“Bored? ….only boring people are bored, so that means you’re boring, otherwise you wouldn’t be bored,”
and walked away to dissect some bumblebee, butterfly, or garden furniture because he wanted to explore its construction.
This left my Dad and sister. My sister just listened. When my dad asked why I was bored, I told him I wanted many friends because when my best friend was away on holiday I had no one to play with. At first my father just smiled and listened to my whining and then he said:
“You want friends? I will introduce you to some friends.”
He gently grabbed me by the shoulder and led me towards our bookshelf and said:
“here, these are your friends.”
I looked at the books and then at him in disbelief and uttered contemptuously:
“books?! What fun can I have with books?! They’re not humans, they are not even my age.”
Swallowing his amusement my dad, with a conspiratorial twinkle in his eyes said:
“yes books… but these are not just words written on paper, these are the best of friends you could ever have. You make books your best friends, you will never need the company of people until your friend returns from holiday. Books can take you to unknown places you never knew existed. You can explore the world through books.”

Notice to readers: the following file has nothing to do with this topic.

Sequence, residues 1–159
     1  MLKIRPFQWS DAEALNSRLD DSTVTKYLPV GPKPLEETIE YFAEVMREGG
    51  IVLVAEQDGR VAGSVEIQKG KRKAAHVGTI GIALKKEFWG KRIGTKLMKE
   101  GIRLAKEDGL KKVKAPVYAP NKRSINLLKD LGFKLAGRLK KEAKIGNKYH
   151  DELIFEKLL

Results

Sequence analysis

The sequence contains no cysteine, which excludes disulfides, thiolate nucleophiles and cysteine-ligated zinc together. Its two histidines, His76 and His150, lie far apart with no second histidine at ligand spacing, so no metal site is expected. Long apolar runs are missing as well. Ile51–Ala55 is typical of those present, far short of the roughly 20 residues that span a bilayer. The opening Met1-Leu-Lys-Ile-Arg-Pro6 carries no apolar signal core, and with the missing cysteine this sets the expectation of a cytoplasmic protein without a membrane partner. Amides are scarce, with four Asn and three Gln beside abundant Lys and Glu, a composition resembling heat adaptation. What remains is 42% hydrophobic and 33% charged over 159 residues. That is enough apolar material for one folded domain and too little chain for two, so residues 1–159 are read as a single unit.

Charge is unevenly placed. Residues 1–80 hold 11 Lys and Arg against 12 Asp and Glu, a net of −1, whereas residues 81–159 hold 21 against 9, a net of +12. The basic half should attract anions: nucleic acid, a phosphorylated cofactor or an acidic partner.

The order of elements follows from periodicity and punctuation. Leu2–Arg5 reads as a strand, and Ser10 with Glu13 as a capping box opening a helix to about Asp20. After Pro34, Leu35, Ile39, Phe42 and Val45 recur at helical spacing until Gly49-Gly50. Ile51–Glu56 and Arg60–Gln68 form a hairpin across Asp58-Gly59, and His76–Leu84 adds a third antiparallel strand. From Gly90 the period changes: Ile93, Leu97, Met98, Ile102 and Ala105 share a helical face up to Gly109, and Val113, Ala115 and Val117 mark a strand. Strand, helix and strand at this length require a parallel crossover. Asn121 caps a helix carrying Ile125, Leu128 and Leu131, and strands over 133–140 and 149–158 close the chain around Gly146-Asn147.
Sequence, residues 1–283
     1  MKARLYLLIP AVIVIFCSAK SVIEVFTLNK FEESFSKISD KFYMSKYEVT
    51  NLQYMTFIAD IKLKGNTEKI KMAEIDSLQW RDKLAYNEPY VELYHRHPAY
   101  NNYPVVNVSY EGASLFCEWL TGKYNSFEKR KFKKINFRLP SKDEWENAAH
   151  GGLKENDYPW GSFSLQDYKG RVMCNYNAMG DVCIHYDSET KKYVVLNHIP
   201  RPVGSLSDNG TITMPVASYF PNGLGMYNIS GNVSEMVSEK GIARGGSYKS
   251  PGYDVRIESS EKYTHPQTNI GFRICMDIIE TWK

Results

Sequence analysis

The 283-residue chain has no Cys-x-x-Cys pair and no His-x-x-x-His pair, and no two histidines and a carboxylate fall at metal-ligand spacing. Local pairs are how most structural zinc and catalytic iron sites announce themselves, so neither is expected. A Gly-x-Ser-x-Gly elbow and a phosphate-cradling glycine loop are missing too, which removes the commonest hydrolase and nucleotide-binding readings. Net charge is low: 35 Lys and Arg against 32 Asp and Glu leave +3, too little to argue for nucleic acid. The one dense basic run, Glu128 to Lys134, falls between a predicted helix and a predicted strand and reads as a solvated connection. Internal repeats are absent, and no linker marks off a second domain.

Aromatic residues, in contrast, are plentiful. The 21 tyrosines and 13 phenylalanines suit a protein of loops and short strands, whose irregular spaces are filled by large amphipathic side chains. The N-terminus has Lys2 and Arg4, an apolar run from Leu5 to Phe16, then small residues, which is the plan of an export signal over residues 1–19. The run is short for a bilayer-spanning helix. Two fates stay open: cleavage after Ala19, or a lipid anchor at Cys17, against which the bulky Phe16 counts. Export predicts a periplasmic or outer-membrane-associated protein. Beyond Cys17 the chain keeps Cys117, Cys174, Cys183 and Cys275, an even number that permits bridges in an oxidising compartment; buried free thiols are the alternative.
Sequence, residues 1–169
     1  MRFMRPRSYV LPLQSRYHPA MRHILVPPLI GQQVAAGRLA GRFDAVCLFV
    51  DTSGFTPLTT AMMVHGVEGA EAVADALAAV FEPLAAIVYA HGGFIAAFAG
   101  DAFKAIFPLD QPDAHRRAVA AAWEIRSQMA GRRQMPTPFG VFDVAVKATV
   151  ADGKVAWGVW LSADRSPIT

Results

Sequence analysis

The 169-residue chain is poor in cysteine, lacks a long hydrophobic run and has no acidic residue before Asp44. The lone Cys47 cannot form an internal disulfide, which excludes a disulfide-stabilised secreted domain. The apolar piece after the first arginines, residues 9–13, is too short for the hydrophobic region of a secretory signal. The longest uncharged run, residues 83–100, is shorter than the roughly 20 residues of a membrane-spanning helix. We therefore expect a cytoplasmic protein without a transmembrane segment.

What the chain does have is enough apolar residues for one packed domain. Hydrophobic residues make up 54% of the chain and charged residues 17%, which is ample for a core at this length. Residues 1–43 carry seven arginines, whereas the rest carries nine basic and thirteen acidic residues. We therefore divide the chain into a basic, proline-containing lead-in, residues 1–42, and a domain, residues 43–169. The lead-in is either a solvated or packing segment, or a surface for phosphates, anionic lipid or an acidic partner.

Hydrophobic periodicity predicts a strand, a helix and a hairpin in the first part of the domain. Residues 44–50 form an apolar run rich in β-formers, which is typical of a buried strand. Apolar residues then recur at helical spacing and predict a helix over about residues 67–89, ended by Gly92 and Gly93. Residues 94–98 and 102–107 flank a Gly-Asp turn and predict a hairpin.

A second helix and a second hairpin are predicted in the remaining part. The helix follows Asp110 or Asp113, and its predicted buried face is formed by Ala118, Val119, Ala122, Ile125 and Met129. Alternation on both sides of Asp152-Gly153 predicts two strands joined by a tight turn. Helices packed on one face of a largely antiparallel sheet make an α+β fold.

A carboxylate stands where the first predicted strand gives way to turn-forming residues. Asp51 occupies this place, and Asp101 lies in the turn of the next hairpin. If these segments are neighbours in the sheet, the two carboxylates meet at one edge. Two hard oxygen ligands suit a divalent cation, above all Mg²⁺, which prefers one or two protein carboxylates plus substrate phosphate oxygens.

He then handed me the Pearl by John Steinbeck and told me to read it. Considering Steinbeck’s love for words and intricate descriptions, it is a relatively child friendly story.
Dictionaries save you from misunderstanding contexts and meanings. I never really bothered with them. I used to have a very lackadaisical attitude to education. I have come to understand that knowledge acquisition is a matter of life and death. In this case, if you snooze, you lose. Hence, during my first year at university, my brother asked:
“what do you do if you don’t understand anything?”
“ask the lecturer to explain?”
“…Well that too, but what else? It’s really easy, just look around and you will know what I’m referring to. It’s in this room, right in front of you.”
When he understood it was unclear to me, he said:
“use the dictionary”
“dictionary? … isn’t that for stupid people?”